Learning How to Transition from Your Child's Adolescence Into Adulthood
Friday, August 23, 2013 • 1:03am
WEST ORANGE, NJ - As a new school year quickly approaches, several hundred 8th graders are about to shift from the friendly confines of the incubator- like setting of their respective Liberty and Roosevelt Middle Schools to the overwhelming environment of West Orange High School. No longer will they be the top dogs, but the small fish to be scrutinized, analyzed and even marginalized.
The first few months can be a huge transition for the incoming freshmen. Parents also go through a transition of their own. Parents can get overwhelmed as their sphere of influence diminishes as their child is exposed to older students and even teacher’s that may not always have their best interests at heart. It can be so overwhelming to parents that they resort to helicopter parenting as way to maintain some control mostly to the detriment of their child’s development.
So what can parents do to maintain achieve a closer connection with your teen, while allowing them to grow as an individual? I propose shifting to more of a coach approach as an ideal way for your child gain the independence they desire, while maintaining that bond you crave as a parent.
Why is this approach necessary? As a teen-development coach for over 10 years, I have seen how this approach serves as a win-win for parent-teen relationships and serves as a model to help teens transition to adulthood. In this 5 part series, we will cover why there is a need to shift to the coach approach in the first place, how to shift to this type of approach, what are the ingredients to an excellent parent-teen coaching relationship and some exercises to jump-start this relationship.
Why do Parents have conflict in the first place?
Can you remember the first time your teenager talked back to you, or even worse, cursed you out? It either took every fiber of your being not to knock them out, or you cowered in the corner thinking about how your parents beat you down with their verbal tirades, and you never wanted to do that to your child - so you said nothing. On the flip side, do we ever think about the type of language we use and the damage it may inflict upon them? Some of the ways we address our kids can be the cause of how conflict begins.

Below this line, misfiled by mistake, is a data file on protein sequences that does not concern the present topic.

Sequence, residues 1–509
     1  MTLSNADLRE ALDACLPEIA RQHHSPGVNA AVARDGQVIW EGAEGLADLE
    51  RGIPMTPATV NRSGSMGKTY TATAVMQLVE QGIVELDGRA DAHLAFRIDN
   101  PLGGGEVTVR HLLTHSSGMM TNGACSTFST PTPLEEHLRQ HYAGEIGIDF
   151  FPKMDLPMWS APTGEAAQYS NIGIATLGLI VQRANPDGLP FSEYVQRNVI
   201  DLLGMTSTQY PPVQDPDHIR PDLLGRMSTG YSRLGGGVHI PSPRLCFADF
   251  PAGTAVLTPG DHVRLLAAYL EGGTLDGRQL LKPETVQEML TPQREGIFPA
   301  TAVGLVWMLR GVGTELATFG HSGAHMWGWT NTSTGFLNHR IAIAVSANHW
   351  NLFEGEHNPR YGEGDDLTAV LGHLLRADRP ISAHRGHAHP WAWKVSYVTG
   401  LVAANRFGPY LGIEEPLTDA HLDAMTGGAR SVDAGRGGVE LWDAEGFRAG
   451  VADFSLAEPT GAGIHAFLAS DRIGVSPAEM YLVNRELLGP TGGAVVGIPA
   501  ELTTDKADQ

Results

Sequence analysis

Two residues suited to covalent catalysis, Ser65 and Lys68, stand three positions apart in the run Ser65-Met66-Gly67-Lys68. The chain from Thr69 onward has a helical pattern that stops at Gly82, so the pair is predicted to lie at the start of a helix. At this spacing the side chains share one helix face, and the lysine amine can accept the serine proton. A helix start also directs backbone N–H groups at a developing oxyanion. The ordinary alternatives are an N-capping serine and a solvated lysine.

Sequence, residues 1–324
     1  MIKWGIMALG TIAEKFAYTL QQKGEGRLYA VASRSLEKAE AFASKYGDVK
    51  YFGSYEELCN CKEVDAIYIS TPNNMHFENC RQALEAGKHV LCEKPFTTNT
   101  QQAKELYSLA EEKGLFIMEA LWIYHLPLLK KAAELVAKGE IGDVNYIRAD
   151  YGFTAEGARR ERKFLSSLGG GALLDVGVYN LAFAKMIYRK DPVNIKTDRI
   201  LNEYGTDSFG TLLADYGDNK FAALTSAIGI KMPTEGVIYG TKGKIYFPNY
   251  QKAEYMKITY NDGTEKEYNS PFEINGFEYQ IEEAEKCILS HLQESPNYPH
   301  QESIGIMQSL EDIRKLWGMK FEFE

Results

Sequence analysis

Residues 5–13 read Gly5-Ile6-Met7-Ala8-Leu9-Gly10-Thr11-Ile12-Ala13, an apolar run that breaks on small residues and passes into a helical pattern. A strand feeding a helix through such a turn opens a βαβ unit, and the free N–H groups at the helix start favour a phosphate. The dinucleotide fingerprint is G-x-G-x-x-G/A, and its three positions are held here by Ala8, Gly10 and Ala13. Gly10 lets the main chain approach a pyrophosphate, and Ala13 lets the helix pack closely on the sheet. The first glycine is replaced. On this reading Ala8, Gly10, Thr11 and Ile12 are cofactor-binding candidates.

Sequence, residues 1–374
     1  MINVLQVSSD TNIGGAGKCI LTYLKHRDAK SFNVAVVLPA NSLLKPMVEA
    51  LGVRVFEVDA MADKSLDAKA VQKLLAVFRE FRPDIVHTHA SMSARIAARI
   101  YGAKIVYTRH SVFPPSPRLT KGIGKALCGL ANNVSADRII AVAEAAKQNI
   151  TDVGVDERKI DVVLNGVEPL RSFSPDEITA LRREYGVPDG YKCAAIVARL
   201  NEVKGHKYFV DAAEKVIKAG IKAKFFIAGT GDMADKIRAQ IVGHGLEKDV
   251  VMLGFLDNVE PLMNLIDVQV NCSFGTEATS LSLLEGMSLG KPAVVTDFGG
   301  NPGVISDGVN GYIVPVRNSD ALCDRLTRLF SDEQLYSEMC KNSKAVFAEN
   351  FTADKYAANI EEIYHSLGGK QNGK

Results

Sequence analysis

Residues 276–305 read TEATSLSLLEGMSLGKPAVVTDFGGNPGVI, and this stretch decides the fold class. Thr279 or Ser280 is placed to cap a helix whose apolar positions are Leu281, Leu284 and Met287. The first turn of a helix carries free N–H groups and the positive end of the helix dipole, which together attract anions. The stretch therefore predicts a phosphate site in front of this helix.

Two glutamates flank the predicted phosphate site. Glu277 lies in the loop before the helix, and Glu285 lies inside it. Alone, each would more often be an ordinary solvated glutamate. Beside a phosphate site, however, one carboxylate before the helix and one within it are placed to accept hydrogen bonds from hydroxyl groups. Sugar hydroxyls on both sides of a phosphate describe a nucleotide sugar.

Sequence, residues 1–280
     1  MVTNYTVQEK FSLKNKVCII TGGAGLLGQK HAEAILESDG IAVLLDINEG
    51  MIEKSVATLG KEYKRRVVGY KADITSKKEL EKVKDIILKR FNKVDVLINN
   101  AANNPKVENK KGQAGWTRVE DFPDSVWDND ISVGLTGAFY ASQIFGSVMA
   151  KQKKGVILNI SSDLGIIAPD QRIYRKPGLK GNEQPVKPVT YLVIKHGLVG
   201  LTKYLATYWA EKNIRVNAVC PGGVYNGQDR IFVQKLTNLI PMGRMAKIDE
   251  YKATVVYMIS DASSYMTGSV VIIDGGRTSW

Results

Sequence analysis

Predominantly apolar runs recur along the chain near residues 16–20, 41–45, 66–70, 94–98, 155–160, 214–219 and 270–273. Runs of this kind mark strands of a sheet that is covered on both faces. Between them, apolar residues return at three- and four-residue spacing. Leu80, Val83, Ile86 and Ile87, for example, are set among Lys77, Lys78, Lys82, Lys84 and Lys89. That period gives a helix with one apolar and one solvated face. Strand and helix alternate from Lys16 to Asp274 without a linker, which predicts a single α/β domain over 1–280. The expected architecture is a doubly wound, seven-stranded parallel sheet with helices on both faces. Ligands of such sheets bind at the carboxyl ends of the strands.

During conflict the parent-teen coach approach can help shift the way we speak to our kids in these ways:
Reduce humiliation. When we don’t agree with our teens choices, we try and use humiliation in front of family and friends to invoke change. Being “judged” is a teen’s biggest pet peeve with parents.
Help value your child’s feelings. Many times we view our child’s issues through our own lens. Since we are older and wiser, we will dismiss their issues as trivial and dismissive. The teen-coach approach will help teen feel their fears and concerns have value.
Show interest. By focusing on something positive it helps your teen channel their energies in a more positive fashion.
Explore options. We live in an age where critical thinking is essential to growth. Having the ability to discuss alternatives in a positive way helps your teen think about options when you aren’t around and their choices could be costly.
Allows for dialogue. – It’s inevitable that you will always agree with the decisions your teen makes, but this approach will allow you to voice your feelings without contention.
Question for Discussion: What are some of the issues of conflict that is affecting your relationship with your teen? How do you feel this approach will help create a better positive dialogue?
About Coach Keith Dent
Keith has over a decade of experience in the field, counseling and coaching individuals, couples, teens and their parents to help them improve their relationships and their ability to achieve their personal goals.
For over seven years Keith has developed specific programs to help teens and their families achieve success in all facets of their lives that may have eluded them in the past. Academics, relationships, athletics, college preparation and applications, goal setting and developing specific plans and areas where working with Keith as a Coach can help young people set the patterns that promise a brilliant future.
Having a coach is like having a GPS for life. Keith can help you get a realistic picture of where you are and focus on the best path forward toward your goals. Unlike counseling, coaching focuses on the future, not the past.
For an inquiry of his services, contact Keith Dent on Facebook or by e-mail at firstname.lastname@example.org.
Keith is the President of Strive 2 Succeed Coaching Services, and the Founder of the LOVESTRONG Couples Program. He has over a decade of experience in the field, counseling and coaching individuals, couples, teens and their parents to help them improve their relationships and their ability to achieve their personal goals.
For the past seven years Keith has developed specific programs and a blog around improving relationships which include workshops, conferences and one-on-one sessions.
He works with couples to help them achieve the kind of relationship they envisioned when they first made their commitment to each other. Strengthening communication and revitalizing their understanding and empathy for each other helps couples regain the romance and closeness they long for – even in their everyday “real” world.
Having a relationship coach is like having a GPS for life. Keith can help you get a realistic picture of where you are and focus on the best path forward toward your goals. Unlike counseling, coaching focuses on the future, not the past. Think you need a jumpstart and a plan to get back on track, call for an initial consultation at email@example.com or call 201-486-4467.
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